5. A reel rack comprising a rear and a bottom Wall, and a front wall substantially shorter than said rear wall, said rear wall being arcuate in shape and substantially conforming to the radius of a reel assembly for bearing against the periphery of a reel, when the reel assembly is in its rearward position, a plurality of partitions secured to at least one of the walls and defining with the walls a number of reel pockets for holding reel assemblies standing on edge, means provided in each of the pockets for selectively holding each reel assembly on edge in a rear or a forward position, and hand grips provided on the rear and front walls for carrying the rack.
6. A reel rack as defined in claim 5 further characterized by said rear and bottom walls within each pocket being trough-shaped in cross section to provide a base for the peripheries of reel assemblies.
7. A reel rack comprising a rear and a bottom wall, and a front wall substantially shorter than said rear wall, a plurality of partitions secured to at least one of the walls and defining with the walls a number of reel pockets for holding the reel assemblies standing on edge, means provided in each of the pockets for selectively holding each reel assembly on edge in a rear or a forward position, said means comprising a rod having a rubber-like surface lying on the bottom wall enabling a reel assembly to be rolled over it from one position to another, said surface preventing the reel assembly from spinning in position when an operator attempts to roll a reel assembly between said positions, said rod being positioned by a plurality of aligned openings defined by said partitions, and hand grips provided on the front and rear walls for carrying the rack.
8. A reel rack as defined in claim 7 and further comprising two side walls with one of said side walls defining a rod receiving opening slightly out of alignment with said openings defined by said partitions.
References Cited UNITED STATES PATENTS 1,376,703 5/1921 Kimmel 3 l2l0 2,281,845 5/1942 Kaplan 2114O 2,587,269 2/1952 Yerkes 312-10 2,813,633 11/1-957 Welling 211-41 2,917,179 12/1959 Casey et al 211-40 3,051,537 8/1962 Diehl et al. 3 1220 FOREIGN PATENTS 899,466 6/ 1962 Great Britain.
ROY D. FRAZIER, Primary Examiner. CLAUDE A. LE ROY, Examiner.
W. D. LOULAN, Assistant Examiner.
|Cited Patent||Filing date||Publication date||Applicant||Title|
|US1376703 *||Sep 2, 1919||May 3, 1921||Kimmel Charles A||Container for talking-machine records|
|US2281845 *||Aug 26, 1941||May 5, 1942||Arch Kaplan||Phonograph record rack|
|US2587269 *||Aug 2, 1947||Feb 26, 1952||Yerkes John A||Cabinet record holder|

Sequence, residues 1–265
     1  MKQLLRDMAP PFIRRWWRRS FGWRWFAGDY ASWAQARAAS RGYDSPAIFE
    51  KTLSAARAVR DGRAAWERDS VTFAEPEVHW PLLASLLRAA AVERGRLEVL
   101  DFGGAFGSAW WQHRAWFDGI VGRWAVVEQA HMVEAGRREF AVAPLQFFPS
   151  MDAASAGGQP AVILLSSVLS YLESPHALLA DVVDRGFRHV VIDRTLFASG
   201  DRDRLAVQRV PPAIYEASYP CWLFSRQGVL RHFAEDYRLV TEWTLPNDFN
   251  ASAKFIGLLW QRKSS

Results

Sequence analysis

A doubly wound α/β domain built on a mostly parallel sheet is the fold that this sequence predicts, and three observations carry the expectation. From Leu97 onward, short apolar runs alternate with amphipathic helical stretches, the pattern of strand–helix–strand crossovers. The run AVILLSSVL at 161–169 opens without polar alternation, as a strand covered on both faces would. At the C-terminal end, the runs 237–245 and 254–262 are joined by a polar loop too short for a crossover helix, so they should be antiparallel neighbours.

|US2813633 *||Oct 8, 1954||Nov 19, 1957||Alvin F Welling||Holder for magnetic tape reels|
|US2917179 *||Jul 8, 1955||Dec 15, 1959||Casey Gregory M||Record holder|
|US3051537 *||Jun 10, 1959||Aug 28, 1962||Carl Schneider Fa||Device for storing film and sound record tapes|
|GB899466A *||Title not available|
|Citing Patent||Filing date||Publication date||Applicant||Title|
|US3442394 *||Feb 15, 1967||May 6, 1969||Tab Products Co||Tape reel storage system|
|US3442395 *||Sep 5, 1967||May 6, 1969||Rubbermaid Inc||Plastic dish drainer|
|US3472386 *||May 3, 1967||Oct 14, 1969||Engineered Data Products Inc||Reel storage apparatus|
|US3613895 *||Jan 2, 1969||Oct 19, 1971||Phillips Petroleum Co||Magnetic tape holder|
|US3658185 *||Aug 6, 1970||Apr 25, 1972||Wahl Associates Inc||Storage and retrieval device|
|US3759395 *||Sep 1, 1971||Sep 18, 1973||Gustavsbergs Fabriker Ab||Stand for supporting phonograph records|
|US3812960 *||Apr 14, 1971||May 28, 1974||Harcourt Brace Jovanovich||Box for tape reels|
|US3868018 *||Oct 27, 1972||Feb 25, 1975||Xytex Corp||Tape reel cartridge storage cell|
|US4102458 *||Jan 21, 1977||Jul 25, 1978||Fors & Forss Ab||Device in racks for sales packages and the like|
|US4182538 *||Mar 20, 1978||Jan 8, 1980||Armistead Hubert P||Storage module for tapes|
|US4257524 *||Oct 30, 1978||Mar 24, 1981||Data Packaging Corporation||Cassette storage rack|
|US4317603 *||May 8, 1980||Mar 2, 1982||Data Packaging Corporation||Video storage rack|
|US5158345 *||Apr 15, 1992||Oct 27, 1992||Grau Gmbh & Co.||Storage units for computer tape cassettes|
|US6988627 *||Apr 12, 2002||Jan 24, 2006||Spectrum Concepts, Inc.||Storage tray devices and methods of storing and accessing items|
|US20030192837 *||Apr 12, 2002||Oct 16, 2003||Spectrum Concepts, Inc.||Storage tray and method of using same|
|U.S. Classification||211/41.12, D06/629, D06/407|
|International Classification||A47F7/00, G03B21/32, A47B81/00|
|Cooperative Classification||A47F7/00, G03B21/323, A47B81/007|
|European Classification||G03B21/32B2, A47B81/00E, A47F7/00|